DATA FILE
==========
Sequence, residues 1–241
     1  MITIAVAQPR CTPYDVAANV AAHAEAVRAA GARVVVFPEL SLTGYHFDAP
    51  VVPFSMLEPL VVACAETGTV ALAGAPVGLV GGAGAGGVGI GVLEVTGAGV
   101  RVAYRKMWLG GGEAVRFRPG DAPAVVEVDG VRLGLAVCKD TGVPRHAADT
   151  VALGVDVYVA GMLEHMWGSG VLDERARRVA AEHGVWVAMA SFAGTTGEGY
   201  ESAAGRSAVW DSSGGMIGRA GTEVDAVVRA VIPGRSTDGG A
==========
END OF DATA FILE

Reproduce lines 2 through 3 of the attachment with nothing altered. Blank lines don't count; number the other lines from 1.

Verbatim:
     1  MITIAVAQPR CTPYDVAANV AAHAEAVRAA GARVVVFPEL SLTGYHFDAP
    51  VVPFSMLEPL VVACAETGTV ALAGAPVGLV GGAGAGGVGI GVLEVTGAGV